2013 was a banner year for LGBT equality, nationally and locally. In Charlotte, leaders like City Councilmember and former Mayor Patsy Kinsey helped make that progress possible.
In July, Kinsey was chosen by her peers to fulfill former Mayor Anthony Foxx’s unexpired term, after he left the city to become President Barack Obama’s transportation secretary. But, even before she led as mayor, Kinsey was showing the city — in word and deed — what it meant to be an inclusive leader for all Charlotteans.
people of the year
Kinsey had already spoken several times with LGBT groups — from several National Transgender Day of Remembrance events to private constituent meetings discussing the needs of LGBT city workers and citizens.
Her predecessor, Anthony Foxx, had similarly made several significant efforts to extend welcome to LGBT citizens, but it was Kinsey who took that inclusion to an ultimate level.
In a first for the city, Kinsey issued a mayoral proclamation for Charlotte Pride and rode at the front of the Bank of America Charlotte Pride Parade. When her car got to the end of the parade route, she drove back to Independence Square and sat as an honorary member of the judges’ panel and later spoke from the festival’s stage. She also spoke out against anti-LGBT violence in Charlotte’s Russian sister city, going so far as to request a meeting with local activists, the city’s sister-city committee, representatives from the international Human Rights Watch and the U.S. State Department.
“Inclusion is just natural to me,” Kinsey told qnotes. “I don’t think much about it. I tell people when they ask about why I am so active with the LGBT community or the immigrant community, I long ago just adopted the belief that we’re all God’s children.”
It’s that personally-driven commitment to inclusion and equality that shaped Kinsey’s time in office — all the way up until her last week in office. In her departing remarks during a “State of the City” address, Kinsey took that commitment even further, turning “the Charlotte Way” on its head and transforming it from an Old South, good ol’ boys system into a way of local life with deeper, more significant meaning.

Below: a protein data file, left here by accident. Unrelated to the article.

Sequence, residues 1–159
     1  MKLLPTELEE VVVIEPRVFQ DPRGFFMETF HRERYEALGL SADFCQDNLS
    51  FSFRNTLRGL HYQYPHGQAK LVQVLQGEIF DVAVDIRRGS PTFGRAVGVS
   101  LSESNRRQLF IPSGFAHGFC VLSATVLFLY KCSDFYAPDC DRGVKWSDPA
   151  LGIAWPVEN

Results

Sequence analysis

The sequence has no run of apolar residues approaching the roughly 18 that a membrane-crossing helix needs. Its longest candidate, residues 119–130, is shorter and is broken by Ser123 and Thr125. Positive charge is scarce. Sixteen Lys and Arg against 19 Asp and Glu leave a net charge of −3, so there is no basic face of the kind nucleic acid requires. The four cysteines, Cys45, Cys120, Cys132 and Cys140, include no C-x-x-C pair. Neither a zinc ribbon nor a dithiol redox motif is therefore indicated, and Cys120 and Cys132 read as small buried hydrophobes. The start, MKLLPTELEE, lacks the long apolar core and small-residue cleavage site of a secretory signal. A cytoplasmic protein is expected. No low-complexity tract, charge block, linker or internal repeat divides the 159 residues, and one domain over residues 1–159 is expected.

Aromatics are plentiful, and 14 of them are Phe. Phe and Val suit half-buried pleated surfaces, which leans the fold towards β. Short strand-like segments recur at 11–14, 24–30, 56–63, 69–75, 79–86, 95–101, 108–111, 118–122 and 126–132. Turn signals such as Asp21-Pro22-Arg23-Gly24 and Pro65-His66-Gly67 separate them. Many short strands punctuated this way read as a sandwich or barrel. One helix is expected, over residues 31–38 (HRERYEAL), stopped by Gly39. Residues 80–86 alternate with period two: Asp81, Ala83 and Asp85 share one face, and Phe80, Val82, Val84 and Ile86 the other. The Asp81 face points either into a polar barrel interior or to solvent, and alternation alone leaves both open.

“Ensuring that all of Charlotte’s residents feel at home in our City is the Charlotte Way,” Kinsey said in her speech, interpreting her own legacy as tied to the inclusion of Charlotte’s LGBT and immigrant communities, and later adding, “I hope we will strive to follow the Charlotte Way. To favor collaboration over division; inclusion over exclusion; partnership over separation.”
Such a focus on inclusion was not always the Charlotte Way.
Years ago, Kinsey remembered, Council maybe had only three votes to push forward any LGBT-inclusive measures. At times, Kinsey had to explain why she and other friendly Council members weren’t pushing for change.
“Because we don’t have the votes,” she’d tell constituents. “There’s no point in ruining it all. We’ve got to make sure we’ve got the votes before we take it to Council.”
As late as 2008, it seemed LGBT inclusion would remain a tough hill to climb. Yet, Kinsey said something changed. Progress began moving quickly and going far. That, she said, was the direct result of the LGBT community itself.
“The LGBT community got involved and they started coming and meeting with people,” Kinsey said. “They would meet with me and I would encourage them. … I think that’s really what made the big difference. LGBT community members came and sat down not only with Council members but with management.”
In just three short years, the city was transformed — an extraordinary result of Kinsey’s support and the community’s action, including the historic campaign and election of Councilmember LaWana Mayfield.
In 2009, the last year now-Gov. Pat McCrory was mayor, the city remained without any LGBT elected representation and it had no written protections or benefits for LGBT city employees. By 2011, Charlotte had gained Mayfield, the city’s first openly gay or lesbian elected official, and former City Manager Curt Walton had added sexual orientation to the city’s non-discrimination policy. In 2012, domestic partner benefits were adopted and Walton again extended non-discrimination protections for transgender workers. And, as Kinsey stepped up to become mayor, Charlotte received yet another openly gay Council member.
Those changes, Kinsey said, have made the city stronger.
“I think it’s a much more diverse community now,” she said. “Just look at the City Council and the difference on that. In some ways, it may be a little more difficult to get things done, because you have more diverse opinions and views, but in other ways we need that diversity, and we do get it done and we get it done the right way.”